assisted coiling (SAC) was employed and for 6 months in parent vessel occlusion (PVO). We routinely used bolus of 5000 IU heparin immediately after insertion of femoral catheter intra-arterially followed by infusion of 1000 IU of heparin per 500 mL normal saline (0.9%) during the entire procedure. Continuous intravenous infusion of nimodipine at 5 mg/h was also administered throughout the procedure and continued post-procedure to prevent vasospasm. Large and giant aneurysms were defined as those with diameter greater than 15 mm and 25 mm respectively as measured by DSA. All patients were analyzed regarding the size and type of aneurysm.
At our institute, we perform balloon test occlusion (BTO) whenever permanent PVO is required and the patient should tolerate the procedure before he is deemed fit for PVO. We performed BTO in awake, heparinized patients under local anesthesia and assessed the neurological status of the patient post-procedure and noted the angiographic status of the vessels. A delay of £¾4s of venous drainage between the territories of the artery that has been injected and the occluded hemisphere was considered as cutoff for ineligibility for PVO, as described in another study.27)
Comparisons among different groups were analyzed by the use of paired t tests and statistical significance was defined as a probability value 0.05. Statistical analysis was done by SPSS (version 19.0, IBM Corp., Armonk, NY, USA).
There were total 42 patients with 42 large or giant aneurysm. Of them, 15 (35.7%) were male and 27 (64.3%) were female with a mean age of 47.8 years. There were 9 patients with giant aneurysms and 33 patients with large aneurysms. Six patients were admitted with symptoms associated with unruptured aneurysm and 36 patients were admitted with symptoms of subarachnoid hemorrhage. According to H & H grading 6 patients were in Grade 0, 11 in Grade I, 8 in Grade ¥±, 9 in Grade ¥² and 8 in Grade ¥³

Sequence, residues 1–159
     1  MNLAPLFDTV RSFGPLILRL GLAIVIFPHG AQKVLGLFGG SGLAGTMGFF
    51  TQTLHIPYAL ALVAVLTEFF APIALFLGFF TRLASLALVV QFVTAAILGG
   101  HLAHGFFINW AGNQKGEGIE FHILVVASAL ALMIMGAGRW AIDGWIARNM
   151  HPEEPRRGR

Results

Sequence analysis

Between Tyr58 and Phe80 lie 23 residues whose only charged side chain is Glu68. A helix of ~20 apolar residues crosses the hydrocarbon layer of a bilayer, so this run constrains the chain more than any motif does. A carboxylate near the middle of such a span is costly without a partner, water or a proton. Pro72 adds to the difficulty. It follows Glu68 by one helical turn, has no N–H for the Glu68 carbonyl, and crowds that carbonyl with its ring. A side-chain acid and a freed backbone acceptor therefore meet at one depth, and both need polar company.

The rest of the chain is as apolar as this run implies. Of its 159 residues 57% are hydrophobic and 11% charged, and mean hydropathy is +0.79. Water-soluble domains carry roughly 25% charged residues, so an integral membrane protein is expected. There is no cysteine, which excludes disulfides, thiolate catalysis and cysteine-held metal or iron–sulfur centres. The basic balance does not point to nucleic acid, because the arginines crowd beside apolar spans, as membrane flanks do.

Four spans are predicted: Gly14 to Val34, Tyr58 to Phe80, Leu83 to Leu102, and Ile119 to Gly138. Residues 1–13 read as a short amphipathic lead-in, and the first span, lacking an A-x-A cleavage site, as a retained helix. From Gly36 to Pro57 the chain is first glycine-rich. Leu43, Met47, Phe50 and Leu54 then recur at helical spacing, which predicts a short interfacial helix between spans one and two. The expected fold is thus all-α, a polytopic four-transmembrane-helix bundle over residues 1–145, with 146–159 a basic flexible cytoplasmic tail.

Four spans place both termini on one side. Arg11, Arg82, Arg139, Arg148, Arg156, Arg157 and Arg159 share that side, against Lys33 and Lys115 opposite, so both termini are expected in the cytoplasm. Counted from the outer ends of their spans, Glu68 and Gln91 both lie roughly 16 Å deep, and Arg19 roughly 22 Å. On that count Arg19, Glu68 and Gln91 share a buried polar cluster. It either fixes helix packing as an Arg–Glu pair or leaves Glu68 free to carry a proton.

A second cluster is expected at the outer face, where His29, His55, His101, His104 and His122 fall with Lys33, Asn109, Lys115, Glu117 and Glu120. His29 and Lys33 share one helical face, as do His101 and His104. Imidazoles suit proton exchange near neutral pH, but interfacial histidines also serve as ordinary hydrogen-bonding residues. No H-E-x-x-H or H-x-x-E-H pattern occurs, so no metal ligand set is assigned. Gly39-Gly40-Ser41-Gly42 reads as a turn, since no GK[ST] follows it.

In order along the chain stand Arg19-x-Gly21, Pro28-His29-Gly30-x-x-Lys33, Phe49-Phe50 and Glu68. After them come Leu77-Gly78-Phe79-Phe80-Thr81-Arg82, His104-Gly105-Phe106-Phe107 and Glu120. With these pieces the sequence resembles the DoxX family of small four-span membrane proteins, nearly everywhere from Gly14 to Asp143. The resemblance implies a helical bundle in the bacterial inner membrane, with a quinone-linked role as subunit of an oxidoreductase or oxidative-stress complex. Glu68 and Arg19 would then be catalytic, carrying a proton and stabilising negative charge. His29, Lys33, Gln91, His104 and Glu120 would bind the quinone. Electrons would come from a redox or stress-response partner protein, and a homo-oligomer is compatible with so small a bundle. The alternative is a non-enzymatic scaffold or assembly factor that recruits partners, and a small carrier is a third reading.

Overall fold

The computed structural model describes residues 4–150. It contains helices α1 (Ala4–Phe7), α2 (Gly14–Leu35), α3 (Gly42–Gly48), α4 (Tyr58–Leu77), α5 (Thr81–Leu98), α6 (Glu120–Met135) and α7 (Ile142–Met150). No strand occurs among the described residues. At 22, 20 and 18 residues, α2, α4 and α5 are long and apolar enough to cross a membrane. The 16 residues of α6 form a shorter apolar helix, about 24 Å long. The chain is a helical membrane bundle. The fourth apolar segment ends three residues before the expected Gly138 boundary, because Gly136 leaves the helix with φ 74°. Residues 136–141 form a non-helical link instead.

(Table 1). Endovascular treatment with or without SAC or PVO was performed within 72 hours in all of 36 patients with ruptured aneurysms. Of the 6 patients having unruptured aneurysms, 2 presented with symptoms of visual deficits and 4 presented with symptoms of compression with 3rd nerve palsy. Of the 36 patients with ruptured aneurysms, 5 (13.9%) patients had features of neurological deficits due to mass effect of the aneurysms and 3 (8.3%) had features of ischemia.
There was a total of 35 (83%) aneurysms, either giant or large that were located in anterior circulation and 7 (27%) aneurysms that were located in posterior circulation. In the anterior circulation, internal carotid artery (ICA) supraclinoid aneurysms were present in 20 (47.62%)
patients whereas basilar top aneurysms topped the list in posterior circulation found in 5 (11.9%) patients (Table 2). The size of the aneurysms ranged from 15 to 28 mm. There were 35 (83.3%) saccular aneurysms and 7 (16.7%) fusiform aneurysms. There was one patient with a multilobulated aneurysm and one with bilobed aneurysm.